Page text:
The Ec considered the above report at its meetings held on 14-4-78 and 28-4-78 and also considered the matter carefully in all its details and from various aspects and resolved as follows :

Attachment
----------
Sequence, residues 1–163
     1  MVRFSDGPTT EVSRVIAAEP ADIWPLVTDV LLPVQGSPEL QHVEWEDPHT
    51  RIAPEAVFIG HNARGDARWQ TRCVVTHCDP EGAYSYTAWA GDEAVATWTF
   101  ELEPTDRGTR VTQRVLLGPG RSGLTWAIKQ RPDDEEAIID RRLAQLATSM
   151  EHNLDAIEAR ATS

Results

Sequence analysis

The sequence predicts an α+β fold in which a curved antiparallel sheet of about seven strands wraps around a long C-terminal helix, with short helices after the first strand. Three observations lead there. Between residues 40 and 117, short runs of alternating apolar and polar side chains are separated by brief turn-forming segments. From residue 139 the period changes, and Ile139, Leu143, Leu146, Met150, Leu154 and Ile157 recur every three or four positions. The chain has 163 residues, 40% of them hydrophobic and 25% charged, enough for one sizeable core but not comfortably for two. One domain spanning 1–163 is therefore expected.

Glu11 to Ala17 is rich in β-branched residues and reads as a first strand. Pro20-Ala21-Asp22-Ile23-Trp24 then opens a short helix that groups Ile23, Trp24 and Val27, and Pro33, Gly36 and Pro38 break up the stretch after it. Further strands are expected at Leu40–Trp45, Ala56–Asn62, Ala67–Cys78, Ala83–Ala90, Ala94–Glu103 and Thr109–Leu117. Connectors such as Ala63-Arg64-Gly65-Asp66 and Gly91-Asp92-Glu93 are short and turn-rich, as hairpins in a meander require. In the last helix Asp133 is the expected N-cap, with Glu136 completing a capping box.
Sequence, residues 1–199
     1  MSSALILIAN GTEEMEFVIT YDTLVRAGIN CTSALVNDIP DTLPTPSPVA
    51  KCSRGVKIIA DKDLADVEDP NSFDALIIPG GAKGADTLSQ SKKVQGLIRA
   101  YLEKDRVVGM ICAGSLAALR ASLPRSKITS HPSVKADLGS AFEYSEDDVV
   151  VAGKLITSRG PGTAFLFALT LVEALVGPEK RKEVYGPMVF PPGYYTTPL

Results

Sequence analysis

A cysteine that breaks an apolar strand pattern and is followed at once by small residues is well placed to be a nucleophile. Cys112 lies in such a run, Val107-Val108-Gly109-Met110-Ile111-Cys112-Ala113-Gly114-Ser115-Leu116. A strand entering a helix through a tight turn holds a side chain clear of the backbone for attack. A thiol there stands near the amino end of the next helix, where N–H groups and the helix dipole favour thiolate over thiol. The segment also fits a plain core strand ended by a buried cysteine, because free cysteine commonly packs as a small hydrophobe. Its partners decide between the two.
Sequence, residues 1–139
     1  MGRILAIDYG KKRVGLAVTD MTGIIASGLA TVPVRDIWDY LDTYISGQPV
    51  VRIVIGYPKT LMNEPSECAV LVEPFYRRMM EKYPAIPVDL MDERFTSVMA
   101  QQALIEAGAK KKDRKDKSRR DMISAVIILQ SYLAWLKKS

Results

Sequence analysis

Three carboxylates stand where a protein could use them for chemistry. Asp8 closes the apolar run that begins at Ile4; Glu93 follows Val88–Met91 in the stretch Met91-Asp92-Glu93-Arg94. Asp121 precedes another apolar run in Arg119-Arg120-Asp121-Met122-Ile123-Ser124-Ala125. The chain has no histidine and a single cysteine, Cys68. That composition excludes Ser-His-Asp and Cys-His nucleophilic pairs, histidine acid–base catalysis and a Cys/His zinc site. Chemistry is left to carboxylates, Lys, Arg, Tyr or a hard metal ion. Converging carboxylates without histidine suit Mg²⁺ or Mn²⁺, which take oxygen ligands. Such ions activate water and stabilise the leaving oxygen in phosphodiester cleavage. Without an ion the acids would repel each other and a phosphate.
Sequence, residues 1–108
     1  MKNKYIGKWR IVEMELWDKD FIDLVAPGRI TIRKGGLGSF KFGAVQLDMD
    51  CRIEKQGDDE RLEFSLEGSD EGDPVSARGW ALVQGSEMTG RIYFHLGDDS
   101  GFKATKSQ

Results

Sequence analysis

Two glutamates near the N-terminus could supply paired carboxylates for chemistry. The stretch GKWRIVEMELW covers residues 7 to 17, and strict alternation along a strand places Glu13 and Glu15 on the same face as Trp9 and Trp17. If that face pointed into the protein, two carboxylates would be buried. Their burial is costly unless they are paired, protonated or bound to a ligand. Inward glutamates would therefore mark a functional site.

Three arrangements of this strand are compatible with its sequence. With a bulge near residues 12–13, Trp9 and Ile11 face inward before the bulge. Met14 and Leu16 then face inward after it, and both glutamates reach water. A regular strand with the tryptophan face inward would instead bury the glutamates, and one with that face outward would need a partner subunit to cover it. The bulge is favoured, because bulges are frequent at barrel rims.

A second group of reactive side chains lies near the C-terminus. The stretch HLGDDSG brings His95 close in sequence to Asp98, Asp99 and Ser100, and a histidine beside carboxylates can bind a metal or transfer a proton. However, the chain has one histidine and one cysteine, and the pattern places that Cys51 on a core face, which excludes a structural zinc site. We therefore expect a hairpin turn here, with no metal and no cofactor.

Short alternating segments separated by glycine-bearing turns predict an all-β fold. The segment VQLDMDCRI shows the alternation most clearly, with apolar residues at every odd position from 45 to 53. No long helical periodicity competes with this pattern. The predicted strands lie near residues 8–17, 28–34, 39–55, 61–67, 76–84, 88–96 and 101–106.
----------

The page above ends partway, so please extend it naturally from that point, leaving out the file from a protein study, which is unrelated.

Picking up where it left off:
'That, pending a final decision of the problem, the term of these teachers be extended not beyond a period of one year and that the Committee appointed by the Vice-Chancellor be requested to submit its report expeditiously, so that the teachers are not left in a state of uncertainty. It was also decided that while granting extension as mentioned above, if any other teacher had been appointed in the same subject in the same institution in a leave vacancy of one year or more and his term was likely to and during this period of extension under the above clause. cases of such teachers would be reviewed at that point of time vis-a-vis other temporary teacher (s) in the same subject and in the same institution.' The Ec also resolved that the recommendations of the Committee be accepted and that the appointments of three categories of temporary teachers be regularised on substantive basis. The categories set out are those covered by paragraph I of the Committee's recommendation. The Gb of the college considered the resolution of the Ec at its meeting on 14th May, 1978. This resolution is to the following effect : '4. It was resolved that this College could not afford to retain Shri William John on its staff as there was no work at all for him. The post in which he was employed was advertised as a temporary post and the Selection Committee including the University representative had only recommended as temporary employment till the end of the academic year. In case the University wants to accommodate such temporary hands it may be requested to get Shri William John employed in some other college where a temporary vacancy night occur and there may be teaching work for him. copy of the resolution may also be forwarded to the Secretary, University Grants Commission for intimation, so that the University Grants Commission may be able to take a policy decision as to whether it would be willing to meet the entire pay and allowances of a temporary hand in college staff without any teaching work for him.'